Engineering for Civil Infrastructure (ECI)
|Richard J. Fragaszy||ECI@nsf.gov||(703) 292-7011|
|Caglar Oskay||ECI@nsf.gov||(703) 292-7774|
|Joy M. Pauschke||ECI@nsf.gov||(703) 292-7024|
Apply to PD 19-073Y as follows:
For full proposals submitted via FastLane: standard NSF Proposal & Award Policies & Procedures Guide proposal preparation guidelines apply.
For full proposals submitted via Grants.gov: the NSF Grants.gov Application Guide: A Guide for the Preparation and Submission of NSF Applications via Grants.gov Guidelines applies. (Note: The NSF Grants.gov Application Guide is available on the Grants.gov website and on the NSF website at: http://www.nsf.gov/publications/pub_summ.jsp?ods_key=grantsgovguide)
Important Information for Proposers
A revised version of the NSF Proposal & Award Policies & Procedures Guide (PAPPG) (NSF 20-1), is effective for proposals submitted, or due, on or after June 1, 2020. Please be advised that, depending on the specified due date, the guidelines contained in NSF 20-1 may apply to proposals submitted in response to this funding opportunity.
Full Proposal Accepted Anytime
Proposals submitted to other program announcements and solicitations, including the Faculty Early Career Development Program (CAREER), must meet their respective deadlines; please refer to the deadline dates specified in the appropriate announcement or solicitation. Proposals for EArly-concept Grants for Exploratory Research (EAGER) or Rapid Response Research (RAPID) can be submitted at any time but Principal Investigators must contact the cognizant program director prior to submission. Proposals for supplements or workshops can be submitted at any time, and PIs are encouraged to contact the cognizant PD prior to submission.
The Engineering for Civil Infrastructure (ECI) program supports fundamental research that will shape the future of our nation's constructed civil infrastructure, subjected to and interacting with the natural environment, to meet the needs of humans. In this context, research driven by radical rethinking of traditional civil infrastructure in response to emerging technological innovations, changing population demographics, and evolving societal needs is encouraged.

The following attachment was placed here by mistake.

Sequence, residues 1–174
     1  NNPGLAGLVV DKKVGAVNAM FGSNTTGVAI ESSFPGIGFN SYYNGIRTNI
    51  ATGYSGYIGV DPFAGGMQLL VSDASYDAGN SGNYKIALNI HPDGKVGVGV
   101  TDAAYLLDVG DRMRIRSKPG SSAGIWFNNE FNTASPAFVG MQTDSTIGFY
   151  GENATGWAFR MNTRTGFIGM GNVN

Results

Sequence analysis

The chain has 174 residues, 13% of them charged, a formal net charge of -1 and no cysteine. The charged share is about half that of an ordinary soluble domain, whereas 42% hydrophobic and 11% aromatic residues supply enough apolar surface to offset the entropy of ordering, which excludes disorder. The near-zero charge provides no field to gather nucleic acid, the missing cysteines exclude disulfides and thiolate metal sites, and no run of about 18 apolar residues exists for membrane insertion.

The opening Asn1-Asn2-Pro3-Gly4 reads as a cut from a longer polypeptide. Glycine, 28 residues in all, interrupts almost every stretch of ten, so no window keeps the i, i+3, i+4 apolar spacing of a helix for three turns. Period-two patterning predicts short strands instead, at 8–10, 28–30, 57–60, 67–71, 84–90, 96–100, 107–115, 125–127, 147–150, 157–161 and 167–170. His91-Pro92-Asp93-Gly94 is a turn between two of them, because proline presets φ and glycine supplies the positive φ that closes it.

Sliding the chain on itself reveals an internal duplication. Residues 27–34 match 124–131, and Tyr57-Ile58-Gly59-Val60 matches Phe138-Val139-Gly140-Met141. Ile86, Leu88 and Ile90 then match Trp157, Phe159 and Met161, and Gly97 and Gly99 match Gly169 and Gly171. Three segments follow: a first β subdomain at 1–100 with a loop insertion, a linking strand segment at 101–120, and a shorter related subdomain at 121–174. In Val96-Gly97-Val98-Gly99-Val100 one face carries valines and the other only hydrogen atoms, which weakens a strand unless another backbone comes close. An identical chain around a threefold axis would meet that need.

The ECI program focuses on the physical infrastructure, such as the soil-foundation-structure-envelope-nonstructural building system; geostructures; and underground facilities. It seeks proposals that advance knowledge and methodologies within geotechnical, structural, architectural, materials, coastal, and construction engineering, especially that include collaboration with researchers from other fields, including, for example, biomimetics, bioinspired design, advanced computation, data science, materials science, additive manufacturing, robotics, and control theory.
Research may explore holistic building systems that view construction, geotechnical, structural, and architectural design as an integrated system; adaptive building envelope systems; nonconventional building materials; breakthroughs in remediated geological materials; and transformational construction processes. Principal investigators are encouraged to consider civil infrastructure subjected to and interacting with the natural environment under “normal” operating conditions; intermediate stress conditions (such as deterioration, and severe locational and climate conditions); and extreme single or multi natural hazard events (including earthquakes, windstorms, tsunamis, storm surges, sinkholes, subsidence, and landslides). Principal investigators are expected to bear in mind broader impacts associated with, for example, economic, environmental, habitant comfort, and societal benefits, which may include implications for resource and energy efficiency, life cycle, adaptability and resilience, and reduced dependence on municipal services and utilities.
Principal Investigators are encouraged to leverage NSF’s investments in the national experimental facilities of the National Hazards Engineering Research Infrastructure (NHERI) program https://www.designsafe-ci.org/. Principal Investigators are also urged to make full use of resources available through the NHERI Cyberinfrastructure and NHERI Computational Modeling and Simulation Center awards, especially to both use and share experimental and simulation data, as well as computational models and simulation tools, to accelerate advances in engineering the constructed environment.
The ECI Program does not support research on mission agency responsibilities, such as nuclear power plants and energy-related infrastructure, transportation infrastructure (e.g., bridges and pavements), and natural resource exploration or recovery. The ECI Program also does not support research on: hazard characterization for and hazard mitigation of the impact of explosions, fire, blast loading, flooding, and solar wind and storms on civil infrastructure; sensor and measurement technologies; field instrumentation and monitoring; induced seismicity; and construction safety. Research on natural hazard characterization is supported through programs in the NSF Directorate for Geosciences.